So Peter, steps up, and in a voice loud enough for everyone to hear, says, in verse 6, “I do not possess silver and gold, but what I do have I give to you: in the name of Jesus Christ of Nazareth.  Walk.” 
 
And everyone in the room is immediately taken back to the sign that hung over the head of Jesus on the cross, and they have to reconcile what he's jsut said and the power that enables it and what they did to Jesus.
 
In chapter 4, John and he get arrested. And the Bible tells us that being filled with the Holy Spirit,  he stands up to preach.  And he says, “Rulers, elders of the people, if we are on trial today for a benefit done to a sick man,” the man that we just read about, “as to how this man has been made well, then let it be known to all of you,” now he’s talking to the leaders,” and all the people of Israel that by the name of Jesus Christ of Nazareth,” he says it again, “whom you crucified, this man has been healed.” 
 
 
 
In chapter 10, verse 38, Peter once again says, , “You know of Jesus of Nazareth, how God anointed Him with the Holy Spirit and with power, and how He went about doing good and healing all who were oppressed by the devil, for God was with Him.”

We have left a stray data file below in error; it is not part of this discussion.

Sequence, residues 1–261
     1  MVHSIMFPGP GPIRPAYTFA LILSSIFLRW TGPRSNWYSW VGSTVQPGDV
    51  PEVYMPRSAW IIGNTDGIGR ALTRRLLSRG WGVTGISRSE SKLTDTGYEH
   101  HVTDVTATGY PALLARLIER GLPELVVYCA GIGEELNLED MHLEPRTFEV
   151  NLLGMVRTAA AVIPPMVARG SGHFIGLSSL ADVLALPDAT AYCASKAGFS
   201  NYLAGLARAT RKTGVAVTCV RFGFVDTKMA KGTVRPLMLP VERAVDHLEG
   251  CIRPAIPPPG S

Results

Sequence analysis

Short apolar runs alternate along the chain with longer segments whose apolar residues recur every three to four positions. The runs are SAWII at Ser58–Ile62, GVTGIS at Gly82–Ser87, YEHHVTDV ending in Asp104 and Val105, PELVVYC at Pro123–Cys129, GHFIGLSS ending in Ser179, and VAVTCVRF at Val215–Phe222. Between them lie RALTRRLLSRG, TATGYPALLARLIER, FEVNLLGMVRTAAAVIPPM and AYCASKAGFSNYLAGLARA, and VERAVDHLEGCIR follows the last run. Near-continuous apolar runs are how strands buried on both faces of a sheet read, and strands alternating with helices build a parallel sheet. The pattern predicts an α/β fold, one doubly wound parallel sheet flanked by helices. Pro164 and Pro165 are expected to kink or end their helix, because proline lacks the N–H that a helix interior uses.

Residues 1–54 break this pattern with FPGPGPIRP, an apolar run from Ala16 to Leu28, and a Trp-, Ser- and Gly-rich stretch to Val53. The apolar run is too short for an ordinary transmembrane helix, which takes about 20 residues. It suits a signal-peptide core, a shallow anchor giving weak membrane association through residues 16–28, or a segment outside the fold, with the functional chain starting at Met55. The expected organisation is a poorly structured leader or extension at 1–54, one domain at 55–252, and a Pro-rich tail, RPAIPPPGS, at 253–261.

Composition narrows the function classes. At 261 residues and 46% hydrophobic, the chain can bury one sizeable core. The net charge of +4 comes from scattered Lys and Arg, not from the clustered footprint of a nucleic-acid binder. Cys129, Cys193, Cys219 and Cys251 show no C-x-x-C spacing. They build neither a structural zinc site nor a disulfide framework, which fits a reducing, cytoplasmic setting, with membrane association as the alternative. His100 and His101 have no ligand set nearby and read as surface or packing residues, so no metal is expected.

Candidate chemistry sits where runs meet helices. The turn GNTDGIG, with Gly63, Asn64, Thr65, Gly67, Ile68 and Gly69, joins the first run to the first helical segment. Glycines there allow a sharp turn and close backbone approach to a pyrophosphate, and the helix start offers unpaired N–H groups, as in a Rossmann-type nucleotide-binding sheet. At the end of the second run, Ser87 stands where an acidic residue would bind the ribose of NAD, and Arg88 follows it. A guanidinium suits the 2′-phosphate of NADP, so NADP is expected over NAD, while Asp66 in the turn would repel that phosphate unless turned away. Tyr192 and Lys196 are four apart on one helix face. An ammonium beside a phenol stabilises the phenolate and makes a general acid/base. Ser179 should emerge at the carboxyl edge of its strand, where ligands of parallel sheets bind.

It's interesting that Jesus never called Himself Jesus of Nazareth.  He always called Himself the Son of man.  But Peter uses that reference time and time again because it takes their assessment of Who He was, which they intended as a mockery, and turns it right back to them and extends through it an offer of grace. 
 
Now, back to chapter 2 and the sermon, Peter says,   “Men of Israel” and demonstrates the grace of God. 
 
Then he says, of Jesus, that He is
 
"a man attested by God to you".
 
What does it mean to be "attested"?  The primary meaning of the word is to describe something as being on display or exhibited. 
 
And simply put, Peter is telling them that God put Jesus on display or exhibition.  The word can also mean to bring proof or evidence or to proclaim something.  And all three uses are true of Jesus. 
 
The nuances of that word make it a perfect word to use to describe what God did through Jesus.  This Jesus of Nazareth was a man God put on display through Whom He brought evidence and proclaimed the truth. 
 
Or if I was preaching that, I might way it like this:    God exhibited Him, God validated Him, and God proclaimed Him. 
 
God exhibits Him in human flesh, proved Him by infallible evidence through the miracles, and declared Him through His own Word, out of the mouth of the Messiah in personal testimony to be the Son of God, the Savior, the Promised Christ.
 
And notice in verse 22, how God did that in particular.
 
verse 22
 
Those three words represent three aspects of our Lord’s miraculous works: their nature, their appearance, and their intention. 
 
- Their nature is they were miracles; they were supernatural. 
 
- Their appearance is they were wondrous.  That speaks of something startling, something that grabs your attention, something that is completely out of the ordinary. 
 
- Their intention or purpose is they were signs; a sign  is to point to something.  In this case, it was